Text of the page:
Are there some CDs that you use often? If so, you should consider copying them to your hard disk for faster access. This is also useful for servers since that means not going to the server room every time you have to insert a CD. However, there are some CDs which only work properly, if they are in a CD drive. The trick is to create an image of the CD and use CD drive virtualization software to mount the CDs to a drive letter. This post introduces some free CD virtualization tools.
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The first tool I tested was Circle Virtual CD 1.0. Just like other similar tools, its primary purpose seems to be copying games to the hard disk. You can use it for other purposes, of course. The tool uses a proprietary image format. So, if you ever switch to another CD virtualization tool, you can't use those images anymore. To access the image, you have to "insert" the ISO image into the virtual drive. The default drive letter is Z, but you can use any other drive letter. Another of its shortcoming is that you only can work with one virtual CD, i.e. you have to "eject" the virtual first to access another one.
Virtual Daemon Tools 4.03 doesn't have this restriction. You can specify the number of virtual drives you want it to use; four drives is the maximum. This way you can mount different CDs simultaneously. The setup routine installs an adware program. But you can remove it after the installation. Virtual Daemon Tools doesn't support the creation of images. So you need a third party tool for that.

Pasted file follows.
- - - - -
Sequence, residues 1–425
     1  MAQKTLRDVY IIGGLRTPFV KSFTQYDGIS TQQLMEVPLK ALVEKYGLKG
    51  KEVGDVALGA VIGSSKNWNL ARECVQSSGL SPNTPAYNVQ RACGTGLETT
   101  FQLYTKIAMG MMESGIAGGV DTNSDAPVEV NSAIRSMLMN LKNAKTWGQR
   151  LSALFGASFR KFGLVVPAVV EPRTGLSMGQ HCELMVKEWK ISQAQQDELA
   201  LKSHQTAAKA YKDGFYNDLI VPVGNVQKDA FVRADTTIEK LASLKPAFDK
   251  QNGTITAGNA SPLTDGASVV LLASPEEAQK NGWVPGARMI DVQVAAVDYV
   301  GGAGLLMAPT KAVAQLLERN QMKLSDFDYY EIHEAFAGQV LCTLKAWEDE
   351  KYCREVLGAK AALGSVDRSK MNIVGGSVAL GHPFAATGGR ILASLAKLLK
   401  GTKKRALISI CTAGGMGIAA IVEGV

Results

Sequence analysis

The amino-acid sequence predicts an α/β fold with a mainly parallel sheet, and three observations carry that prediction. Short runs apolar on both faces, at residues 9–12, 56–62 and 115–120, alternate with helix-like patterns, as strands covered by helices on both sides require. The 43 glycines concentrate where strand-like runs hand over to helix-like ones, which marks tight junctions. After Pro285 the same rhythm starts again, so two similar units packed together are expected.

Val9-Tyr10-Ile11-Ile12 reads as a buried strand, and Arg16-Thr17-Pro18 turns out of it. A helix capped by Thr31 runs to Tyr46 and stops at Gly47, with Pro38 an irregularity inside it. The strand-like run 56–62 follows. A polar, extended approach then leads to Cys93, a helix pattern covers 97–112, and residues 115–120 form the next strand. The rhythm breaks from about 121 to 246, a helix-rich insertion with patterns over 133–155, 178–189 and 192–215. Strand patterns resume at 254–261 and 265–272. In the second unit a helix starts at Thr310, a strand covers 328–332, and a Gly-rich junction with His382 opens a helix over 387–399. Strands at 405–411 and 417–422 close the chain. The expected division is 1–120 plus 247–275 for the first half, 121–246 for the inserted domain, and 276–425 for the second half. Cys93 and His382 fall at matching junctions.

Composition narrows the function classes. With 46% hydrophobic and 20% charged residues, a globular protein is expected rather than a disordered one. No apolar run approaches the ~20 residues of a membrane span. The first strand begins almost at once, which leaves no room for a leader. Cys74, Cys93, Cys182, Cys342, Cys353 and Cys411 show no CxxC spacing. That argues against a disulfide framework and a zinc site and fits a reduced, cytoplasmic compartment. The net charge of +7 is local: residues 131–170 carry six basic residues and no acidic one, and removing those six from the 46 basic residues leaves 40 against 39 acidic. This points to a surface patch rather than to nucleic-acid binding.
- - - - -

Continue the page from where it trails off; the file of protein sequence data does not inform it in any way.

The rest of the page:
All professional CD burning programs support creating ISO images. If you don't have one, you might want to check out this list of free CD burning tools. I tried Burnatonce to create ISO images. It is a simple easy-to-use tool that also works on a Windows server.
The functionality of MagicISO Virtual CD/DVD-ROM 1.2, the third tool I tested, is more or less the same as that of Virtual Daemon Tools. The software's name already makes it clear which image format it uses. Unfortunately MagicISO also can't create images. You can use another tool from the same company, Magic ISO Maker, though. However, the free version only supports images not bigger than 300 MB. The commercial version costs $29.95.
The tools discussed here are free and relatively simple. There are more professional, commercial CD virtualization tools. Most of them target gamers who want to circumvent copyright protection (which is not the topic of this article). If you are looking for professional software that supports multi-user and network-based CD virtualization, I can recommend Virtual CD. This program is not comparable with the tools discussed here, though. If you have a 100 CDs or so that you want to share in your network then Virtual CD might be of interest to you.
One of the three tools reviewed here should be sufficient, if you only have a few CDs. You can also use them in a network, as you can access the ISO images using network shares. I decided to use MagiISO because I am always a bit suspicious about programs which install adware. If you don't worry about this, Virtual Daemon Tools is also an option. Circle Virtual CD doesn't support ISO images, that is its biggest disadvantage in my view.
A last tip: If you need more than four virtual drives, you can use Virtual Daemon Tools and MagicISO together. Use MagicISO for the first four drives.